Energy defines Caroline Nunberg’s dancing style Malini Gandhi One hour before beginning their silver medal performance at the USA Dance National Championships for ballroom dancing last April, senior Caroline Nunberg and her dance partner Steven Varshavsky were far from meditating or receiving quiet advice from their coach. Rather, they were in their hotel room, the pounding music cranked up, jumping on the beds until they were red-faced and breathless. “The bed jumping before competitions pumps us up,” Nunberg said with a laugh. “Every couple has a routine they go through before competitions, and though we’ve tried meditation or quieter activities, nothing seems to get us in the right mindset like the fire of jumping on hotel room beds to music like little kids.” This fire and energy is what characterizes Nunberg’s approach to dance, said senior Audrey Derobert, who dances with Nunberg on this school’s dance team. According to Derobert, Nunberg is known for her bold, powerful moves and for the way she strides across the dance floor in a sparkling dress. “Watching Caro dance is a reby

minder that what she does truly is a sport,” Derobert said. “She has incredible strength, agility, speed and endurance, and she does it with a smile and heels. Caro’s the ultimate athlete.” And this fiery athletic approach to dancing has taken Nunberg far. The second place finish at the USA Dance National Championships last April was just the culmination of a long string of accolades at countless competitions, and this year, Nunberg said she has her eyes set on qualifying for Worlds. Yet long before the competitions, awards and fiery performances, Nunberg was a three-year-old attending weekly ballet, jazz and tap lessons. According to Nunberg, dance has always been a part of her life. Yet it was not until sixth grade, when she was first introduced to ballroom dancing, that she “really started to get into the sport,” she said. After a few years, she found a partner, Varshavsky, to dance with. They worked their way up to larger and larger competitions, where they began to receive positive attention from judges, she said. According to Nunberg, she and Varshavsky train at the Sa-

varia Dance Studio in Norwood, and their training schedule is unconventional. Their coach is from the Czech Republic and only comes to the United States a few months a year, so when he does come, her weeks are packed with dozens of hours of lessons. When their coach is absent, the duo practices together in the studio for about 20 hours per week. Nunberg said the situation with their coach is a challenge. “Most couples with coaches that stay in the studio can receive advice on technique on a regular basis,” she said. “Steven and I are at a disadvantage because we are not always certain when our coach will come next, so the information we can get is limited from time to time.” Despite this obstacle, their hard work paid off with their second place finish at Nationals last year out of a total of 44 couples, an experience Nunberg described as “thrilling.” Nunberg said she sees competition not as a distraction from the joy of dancing, but rather as an essential component that pushes her to take risks and challenge herself. “If there weren’t any compe-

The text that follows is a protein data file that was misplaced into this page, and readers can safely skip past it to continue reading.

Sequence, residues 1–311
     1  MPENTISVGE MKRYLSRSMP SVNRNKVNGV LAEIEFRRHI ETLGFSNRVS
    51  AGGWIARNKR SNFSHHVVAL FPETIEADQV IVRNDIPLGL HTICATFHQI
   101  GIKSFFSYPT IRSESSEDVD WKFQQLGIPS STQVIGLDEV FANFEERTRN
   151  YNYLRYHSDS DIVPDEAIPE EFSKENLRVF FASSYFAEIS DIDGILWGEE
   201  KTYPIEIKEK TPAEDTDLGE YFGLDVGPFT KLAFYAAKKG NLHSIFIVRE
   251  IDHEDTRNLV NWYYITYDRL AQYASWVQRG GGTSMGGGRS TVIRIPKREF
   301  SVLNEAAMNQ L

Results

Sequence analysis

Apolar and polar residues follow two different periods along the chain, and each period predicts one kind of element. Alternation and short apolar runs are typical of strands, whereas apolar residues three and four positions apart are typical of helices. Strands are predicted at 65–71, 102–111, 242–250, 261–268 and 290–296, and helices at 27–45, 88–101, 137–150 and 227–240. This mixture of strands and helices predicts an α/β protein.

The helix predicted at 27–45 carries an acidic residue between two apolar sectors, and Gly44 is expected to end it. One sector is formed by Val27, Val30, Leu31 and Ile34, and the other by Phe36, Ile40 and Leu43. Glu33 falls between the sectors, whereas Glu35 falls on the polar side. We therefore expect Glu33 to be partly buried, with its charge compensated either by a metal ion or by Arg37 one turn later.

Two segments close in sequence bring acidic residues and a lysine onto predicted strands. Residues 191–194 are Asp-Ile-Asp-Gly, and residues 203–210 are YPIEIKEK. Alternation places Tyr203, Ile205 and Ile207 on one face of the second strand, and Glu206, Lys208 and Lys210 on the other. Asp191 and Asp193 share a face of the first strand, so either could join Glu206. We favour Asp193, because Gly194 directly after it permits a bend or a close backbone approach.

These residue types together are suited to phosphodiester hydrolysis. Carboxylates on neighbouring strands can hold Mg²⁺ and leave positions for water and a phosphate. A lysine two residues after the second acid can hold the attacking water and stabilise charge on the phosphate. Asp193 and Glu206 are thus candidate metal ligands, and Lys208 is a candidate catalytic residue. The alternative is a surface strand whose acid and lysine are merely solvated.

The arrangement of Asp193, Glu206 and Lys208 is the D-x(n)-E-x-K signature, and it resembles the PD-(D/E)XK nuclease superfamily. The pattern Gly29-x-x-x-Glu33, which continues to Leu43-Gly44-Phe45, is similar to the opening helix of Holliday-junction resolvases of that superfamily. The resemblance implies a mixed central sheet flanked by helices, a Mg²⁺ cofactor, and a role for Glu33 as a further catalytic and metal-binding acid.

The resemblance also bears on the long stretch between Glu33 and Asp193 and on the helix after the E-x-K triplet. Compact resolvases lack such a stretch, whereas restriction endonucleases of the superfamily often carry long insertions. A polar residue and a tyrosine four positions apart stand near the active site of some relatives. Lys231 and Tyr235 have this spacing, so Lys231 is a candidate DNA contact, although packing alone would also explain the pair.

titions, there would be no fire for me. The goal of acquiring titles pushes me to be a better dancer,” she said. Nunberg’s drive and passion for dancing has also led her to explore dance beyond ballroom dancing competitions. For the past four years, Nunberg has been an active member of this school’s fall and winter dance teams, which perform hip hop. This year, the fall dance team placed first at States and second at the New England Cheer and Dance Competition, both in the hip hop category. Nunberg said she never thought she would enjoy or excel at dancing hip hop with a group of students, which is “on the opposite side of the spectrum from ballroom dancing.” However, she said she has come to appreciate the different dynamic and intensity in each dance form. “When dancing hip hop with a group of other girls, there is much more collective energy. We all are moving together, and we build energy off each other in a sort of wide, dynamic way,” Nunberg said. “However, in ballroom dancing you have a very focused, face-to-face interaction with your partner,